Spoleto venerates as its apostle St. Brictius, who is also venerated in other cities of Umbria and Tuscany. It is difficult to discuss the epoch in which he lived because the legend of his life is so full of anachronisms. The names of other martyrs are also recorded at Spoleto, like St. Gregory the Priest; indeed, the name Ponte Sanguinario is said to record a great massacre of Christians. Another martyred bishop was St. Saturnius (270), and during the persecution of Diocletian the martyrdom of St. Savinus, Bishop of Assisi, took place at Spoleto. The first bishop of certain date is Cæcilianus, to whom Pope Liberius wrote a letter in 354. There is record of Bishop Achilles, who during the conflict between Pope St. Boniface and the antipope Eulalius was a visitor of the Church of Rome (418); Bishop Spes (fifth century), who collected the relics of the martyrs and erected many churches; St. Amasius (d. 489); St. Johannes, killed by Totila (546). At the time of Bishop Petrus (573) Spoleto was under Arian rule. It is related that an Arian bishop in Spoleto wished to enter the Church of San Pietro, then the cathedral, by force, but was stricken with blindness. To Bishop Chrysanthus (591) St. Gregory the Great wrote four letters, in one of which he admonished him not to discipline fugitive monks so lightly. Other bishops were: Adeodatus (about 777); Siguald (827), formerly Abbot of Echternach; Adalbert (1015), who built the new cathedral and the episcopal residence within the city. After he had destroyed the city, Barbarossa presented to the cathedral the so-called Madonna of St. Luke, a Byantine work with inscriptions of a dialogue between Mary and Jesus. Bishop Nicolò Porta, who became bishop in 1228, was transferred in 1236 to the Patriarchate of Constantinople. Bartolommeo de Bardi, O.Min. (1320), rendered excellent services as Governor of Terni. In 1417, on the death of Bishop Jacopo, who was a partisan of Pope John XXIII, the clergy wished to proceed to the election of a new pastor but the people prevented them, proclaiming as bishop Nicolò Vivari, the nominee of Gregory XII. Again in 1433 the clergy wished to revive their right of electing a bishop, but the intervention of Eugenius IV prevented them. Other bishops were: Berardo Erubi (1448), afterwards cardinal, who played an important part in the government of the church; Alessandro Farnese (1555); Alfonso Visconti (1601), founder of the seminary, which was enlarged by his successor Maffeo Barberini (1603), afterwards Pope Urban VIII, who ordered the restoration of the cathedral. After the death of Cardinal Locatelli (1812), Napoleon nominated Bishop Antonio de Longo, whom the canons were unwilling to obey, and were therefore nearly all exiled. In 1820 Spoleto became a metropolitan see and the ancient Diocese of Norcia was taken from its territory. Of the archbishops we should record: Mastai Ferretti (1827-32), afterwards Pius IX, whose episcopal rule was noteworthy for the manner in which (1837) he persuaded four thousand rebels to lay down their arms.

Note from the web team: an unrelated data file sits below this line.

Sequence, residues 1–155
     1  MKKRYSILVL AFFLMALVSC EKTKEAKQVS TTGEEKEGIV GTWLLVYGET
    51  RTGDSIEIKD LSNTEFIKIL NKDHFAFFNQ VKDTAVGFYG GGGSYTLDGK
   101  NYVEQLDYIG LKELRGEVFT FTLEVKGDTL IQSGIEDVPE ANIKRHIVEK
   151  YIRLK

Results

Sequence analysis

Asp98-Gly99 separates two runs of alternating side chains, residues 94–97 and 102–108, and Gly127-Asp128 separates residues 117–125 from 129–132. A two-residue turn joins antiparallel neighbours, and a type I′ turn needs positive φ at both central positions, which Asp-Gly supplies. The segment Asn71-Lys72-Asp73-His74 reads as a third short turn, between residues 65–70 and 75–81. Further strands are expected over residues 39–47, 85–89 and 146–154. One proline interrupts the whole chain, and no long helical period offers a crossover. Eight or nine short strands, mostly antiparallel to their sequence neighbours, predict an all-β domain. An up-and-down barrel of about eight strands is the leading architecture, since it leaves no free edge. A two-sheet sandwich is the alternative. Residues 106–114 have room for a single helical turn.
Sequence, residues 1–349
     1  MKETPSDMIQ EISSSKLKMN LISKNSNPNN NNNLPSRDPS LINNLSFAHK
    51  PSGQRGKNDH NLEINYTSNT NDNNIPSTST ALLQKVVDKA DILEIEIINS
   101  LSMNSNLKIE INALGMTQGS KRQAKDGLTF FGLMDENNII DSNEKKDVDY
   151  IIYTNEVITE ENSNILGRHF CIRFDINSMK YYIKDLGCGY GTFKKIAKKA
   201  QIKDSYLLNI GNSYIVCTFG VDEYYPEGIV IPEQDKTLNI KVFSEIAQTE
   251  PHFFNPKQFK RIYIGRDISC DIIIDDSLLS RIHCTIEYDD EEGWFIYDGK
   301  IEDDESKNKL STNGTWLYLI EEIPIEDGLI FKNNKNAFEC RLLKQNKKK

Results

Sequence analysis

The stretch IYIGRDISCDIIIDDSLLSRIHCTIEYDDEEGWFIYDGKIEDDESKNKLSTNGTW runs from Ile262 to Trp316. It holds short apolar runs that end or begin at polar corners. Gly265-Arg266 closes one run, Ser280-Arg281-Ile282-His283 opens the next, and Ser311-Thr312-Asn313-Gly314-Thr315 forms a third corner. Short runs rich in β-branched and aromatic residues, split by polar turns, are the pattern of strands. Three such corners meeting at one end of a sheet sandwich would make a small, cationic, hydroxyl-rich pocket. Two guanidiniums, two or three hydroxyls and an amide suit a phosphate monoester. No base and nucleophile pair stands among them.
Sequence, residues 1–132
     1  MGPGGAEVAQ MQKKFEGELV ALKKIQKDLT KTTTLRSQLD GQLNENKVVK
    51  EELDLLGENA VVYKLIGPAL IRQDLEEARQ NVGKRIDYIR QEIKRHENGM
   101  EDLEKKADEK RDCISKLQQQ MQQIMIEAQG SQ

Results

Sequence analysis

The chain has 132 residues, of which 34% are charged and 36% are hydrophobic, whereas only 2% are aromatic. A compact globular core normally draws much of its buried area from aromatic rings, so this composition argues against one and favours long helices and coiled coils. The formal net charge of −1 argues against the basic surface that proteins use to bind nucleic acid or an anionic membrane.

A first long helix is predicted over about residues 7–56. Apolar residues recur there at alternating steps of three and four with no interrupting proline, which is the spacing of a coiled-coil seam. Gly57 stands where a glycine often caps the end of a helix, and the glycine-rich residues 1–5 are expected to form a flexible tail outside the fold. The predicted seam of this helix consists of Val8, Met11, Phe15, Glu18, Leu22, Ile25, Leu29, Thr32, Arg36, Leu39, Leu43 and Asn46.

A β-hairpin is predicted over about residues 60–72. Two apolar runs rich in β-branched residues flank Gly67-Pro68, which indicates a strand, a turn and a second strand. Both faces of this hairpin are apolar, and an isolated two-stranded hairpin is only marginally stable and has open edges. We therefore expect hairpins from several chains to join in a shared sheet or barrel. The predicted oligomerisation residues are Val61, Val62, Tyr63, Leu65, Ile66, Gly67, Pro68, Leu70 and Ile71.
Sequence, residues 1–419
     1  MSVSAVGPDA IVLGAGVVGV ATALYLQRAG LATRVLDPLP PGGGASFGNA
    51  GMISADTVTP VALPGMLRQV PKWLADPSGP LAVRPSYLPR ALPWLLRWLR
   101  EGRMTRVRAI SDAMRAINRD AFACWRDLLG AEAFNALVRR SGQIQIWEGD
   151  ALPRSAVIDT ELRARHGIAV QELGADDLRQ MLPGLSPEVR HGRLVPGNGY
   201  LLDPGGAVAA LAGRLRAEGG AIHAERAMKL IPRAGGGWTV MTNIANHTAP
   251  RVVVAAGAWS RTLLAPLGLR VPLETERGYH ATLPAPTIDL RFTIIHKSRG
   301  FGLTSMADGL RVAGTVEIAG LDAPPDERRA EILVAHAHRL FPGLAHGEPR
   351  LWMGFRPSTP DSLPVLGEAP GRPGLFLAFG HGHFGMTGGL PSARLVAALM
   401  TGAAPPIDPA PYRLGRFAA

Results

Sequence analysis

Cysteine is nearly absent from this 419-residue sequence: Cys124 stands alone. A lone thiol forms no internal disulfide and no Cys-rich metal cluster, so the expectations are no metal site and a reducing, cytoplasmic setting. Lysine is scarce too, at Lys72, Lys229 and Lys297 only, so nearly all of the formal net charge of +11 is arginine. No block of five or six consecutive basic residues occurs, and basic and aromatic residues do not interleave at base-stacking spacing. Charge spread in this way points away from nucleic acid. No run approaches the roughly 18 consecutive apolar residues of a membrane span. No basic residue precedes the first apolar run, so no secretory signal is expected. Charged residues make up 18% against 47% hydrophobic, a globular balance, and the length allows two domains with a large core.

To the Diocese of Spoleto has been united that of Bevagna (Mevania), an ancient city, which venerates as first bishop St. Vincent the Martyr; the first bishop of certain date is Innocentius (487). In the time of St. Gregory the Great it was very difficult to provide a bishop for this see, but in 649 and in 844 bishops are again recorded. Bevagna (Mævania, where, in ancient days the white bulls destined for the sacrificial altars were pastured) is situated twenty-two miles south-east of Perugia, at the confluence of the Clitunno and Topino, and contains 6000 inhabitants. The ancient cathedral was dedicated to St. Michael. The body of Blessed James Bianconi is preserved at Bevagna. Blessed James was born there in 1220. At sixteen he was received into the Dominican order at Spoleto. After his ordination, he devoted his energies especially to the work of extirpating the heresy of the Nicolaites from Umbria, and finally succeeded in converting its chief propagator, Ortinellus. After a life of extraordinary austerity James died on 15 August, 1301. In later times his remains were exposed on three occasions and were found to be incorrupt. Numerous miracles were attributed to his intercession and even today they are of not rare occurrence. Pope Boniface IX has granted indulgences to all those who visit his relics during the first three days of May; Pope Clement X extended the celebration of his feast (23 August) to the whole Dominican Order (cf. Jacobilli, "Vita del beato Giacomo da Bevagna", Foligno, 1644; Piergi, "Vita del beato Giacomo Bianconi da Bevagna", Rome, 1729). Another Blessed James, a Franciscan martyr, who died on 2 September, 1377, is honoured at Bevagna (see "Acta SS.", 1 Sept., 595-6; "Année dominicaine", VIII, 1898, pp. 779-94).